A Rare Collection – Easier Said Than Done

Once Upon A Gene

A Rare Collection – Easier Said Than Done

August 11, 2022

A Rare Collection – Easier Said Than Done


A Rare Collection – Easier Said Than Done

There’s power in storytelling- for the listener and the storyteller. A Rare Collection is a monthly series featuring people from the rare disease community, sharing a story with a common theme. 


Katie Stevens, Executive Director of Team Telomere

It’s back to school season which has me thinking about how the education system so often fails the most vulnerable children. In 2015, we moved from Idaho to Boston. My son was set to be the sixth patient in the world to undergo a clinical trial for people with Telomere Biology Disorders. We had been searching for the best treatment for my son for years. His body was no longer able to fight viruses and infections, he couldn’t stop bleeding and he didn’t have enough red blood cells to keep him from feeling easily winded. He was a 12 year old boy whose day-to-day was filled with worry and he just wanted to be “normal”. Getting your child an education when critically ill or disabled is easier said than done. I’m thankful for the teachers that stood up for my child. Education for the most vulnerable children of our society shouldn’t be dismissed. 

Parvathy Krishnan, Foundation Alliance Manager at Global Genes

As a child I was always told nothing was impossible and everything would be okay if I saw the positive. I truly believed the ups and downs of life were part of the journey and I just had to see the positive. When I had my first child, I had my parenting journey mapped out and anticipated ups and downs. It was instead filled with potholes, car crashes and train wrecks. It was hard to see the positive when everything seemed bleak. Through our diagnostic odyssey, and through various aggressive treatments taking place concurrently for both of my children, it was hard to find the positive and I felt like I was failing. Hope was a mirage. I felt a medical breakthrough was the only positive that would give me closure. But I was wrong. A smile from my children was the positive I needed. While it’s easier said than done to find the positive, even when it feels impossible, remember to turn on the light and hope that this too shall pass.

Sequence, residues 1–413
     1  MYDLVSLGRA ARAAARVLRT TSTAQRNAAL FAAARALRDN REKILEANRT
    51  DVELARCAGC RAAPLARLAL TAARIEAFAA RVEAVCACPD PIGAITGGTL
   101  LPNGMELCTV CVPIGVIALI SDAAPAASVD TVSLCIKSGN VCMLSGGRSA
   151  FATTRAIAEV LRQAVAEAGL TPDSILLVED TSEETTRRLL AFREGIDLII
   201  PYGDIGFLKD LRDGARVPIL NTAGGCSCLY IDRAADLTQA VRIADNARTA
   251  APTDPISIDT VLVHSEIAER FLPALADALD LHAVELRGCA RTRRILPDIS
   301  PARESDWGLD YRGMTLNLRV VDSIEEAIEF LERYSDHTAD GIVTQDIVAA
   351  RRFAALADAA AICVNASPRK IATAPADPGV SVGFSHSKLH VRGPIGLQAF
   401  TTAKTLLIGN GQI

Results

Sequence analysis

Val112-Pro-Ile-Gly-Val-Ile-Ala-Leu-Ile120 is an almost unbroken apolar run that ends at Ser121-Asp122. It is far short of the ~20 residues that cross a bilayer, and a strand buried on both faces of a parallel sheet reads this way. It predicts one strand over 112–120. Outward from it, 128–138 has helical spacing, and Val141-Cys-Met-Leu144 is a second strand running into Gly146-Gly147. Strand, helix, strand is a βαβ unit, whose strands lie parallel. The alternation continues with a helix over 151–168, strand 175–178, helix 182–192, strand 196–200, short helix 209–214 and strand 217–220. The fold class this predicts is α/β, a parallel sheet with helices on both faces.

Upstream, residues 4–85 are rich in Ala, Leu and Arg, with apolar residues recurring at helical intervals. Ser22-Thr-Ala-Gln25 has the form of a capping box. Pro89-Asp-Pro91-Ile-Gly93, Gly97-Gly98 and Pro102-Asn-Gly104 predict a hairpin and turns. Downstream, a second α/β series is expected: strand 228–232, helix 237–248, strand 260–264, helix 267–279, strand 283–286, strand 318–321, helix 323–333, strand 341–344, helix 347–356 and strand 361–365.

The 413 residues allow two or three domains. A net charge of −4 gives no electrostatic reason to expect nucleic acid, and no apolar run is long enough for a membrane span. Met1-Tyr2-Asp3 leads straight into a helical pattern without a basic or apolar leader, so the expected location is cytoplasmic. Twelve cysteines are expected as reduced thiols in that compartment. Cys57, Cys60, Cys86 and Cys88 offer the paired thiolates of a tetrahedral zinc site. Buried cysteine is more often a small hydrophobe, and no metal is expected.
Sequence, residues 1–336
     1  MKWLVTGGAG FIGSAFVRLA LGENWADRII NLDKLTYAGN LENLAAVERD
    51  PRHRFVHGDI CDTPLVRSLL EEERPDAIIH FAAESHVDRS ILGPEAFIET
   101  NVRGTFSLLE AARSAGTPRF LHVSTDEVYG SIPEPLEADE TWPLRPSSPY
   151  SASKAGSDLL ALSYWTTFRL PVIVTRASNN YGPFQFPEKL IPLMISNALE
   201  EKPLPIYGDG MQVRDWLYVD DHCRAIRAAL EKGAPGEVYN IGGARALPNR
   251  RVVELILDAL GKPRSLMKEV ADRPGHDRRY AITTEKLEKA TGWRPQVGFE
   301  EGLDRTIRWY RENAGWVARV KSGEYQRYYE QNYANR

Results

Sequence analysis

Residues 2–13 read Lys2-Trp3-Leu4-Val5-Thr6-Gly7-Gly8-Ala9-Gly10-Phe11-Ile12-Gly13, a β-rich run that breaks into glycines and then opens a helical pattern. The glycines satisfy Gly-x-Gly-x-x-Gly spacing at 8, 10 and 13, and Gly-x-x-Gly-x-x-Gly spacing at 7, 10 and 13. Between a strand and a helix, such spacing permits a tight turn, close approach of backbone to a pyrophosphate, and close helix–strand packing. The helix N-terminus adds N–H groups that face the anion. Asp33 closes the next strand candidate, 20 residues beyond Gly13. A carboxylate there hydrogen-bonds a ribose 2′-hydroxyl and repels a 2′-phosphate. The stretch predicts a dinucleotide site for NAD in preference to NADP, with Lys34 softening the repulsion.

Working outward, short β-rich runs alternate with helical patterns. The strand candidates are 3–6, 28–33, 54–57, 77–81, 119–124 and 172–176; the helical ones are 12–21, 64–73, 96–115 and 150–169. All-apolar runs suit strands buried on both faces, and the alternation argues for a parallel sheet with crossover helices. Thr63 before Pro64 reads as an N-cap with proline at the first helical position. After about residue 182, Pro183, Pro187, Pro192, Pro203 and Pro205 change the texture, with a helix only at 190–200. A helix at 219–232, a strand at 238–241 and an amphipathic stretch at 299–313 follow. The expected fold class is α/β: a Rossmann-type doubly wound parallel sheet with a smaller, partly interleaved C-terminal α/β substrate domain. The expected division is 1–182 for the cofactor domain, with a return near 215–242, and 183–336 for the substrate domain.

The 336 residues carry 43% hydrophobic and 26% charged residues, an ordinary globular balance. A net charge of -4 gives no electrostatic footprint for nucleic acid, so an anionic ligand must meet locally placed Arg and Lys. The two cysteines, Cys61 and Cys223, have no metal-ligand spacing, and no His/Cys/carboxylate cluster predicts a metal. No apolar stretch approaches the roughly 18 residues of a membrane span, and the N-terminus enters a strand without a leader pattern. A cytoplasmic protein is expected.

Becky Tilley, Koolen De Vries Syndrome

I’m a passionate writer and advocate. In all the articles and blogs I’ve written, you’ll see the common sentiment to celebrate your uniqueness, be yourself, and enjoy being you. In real life, that’s challenging to do. The symptoms of Koolen De Vries Syndrome that myself and my two youngest children share can vary from mild, to moderate, to severe. I grew up with learning disabilities. I was an easy target for bullies. I never learned what it was to love and celebrate what made me different and this is something I want for my children. I want them to be empowered in who they are. For them to do that, I need to be an example, especially as a mom that shares the same syndrome. I feel a responsibility to them to celebrate being unique and inspire my children to do the same.





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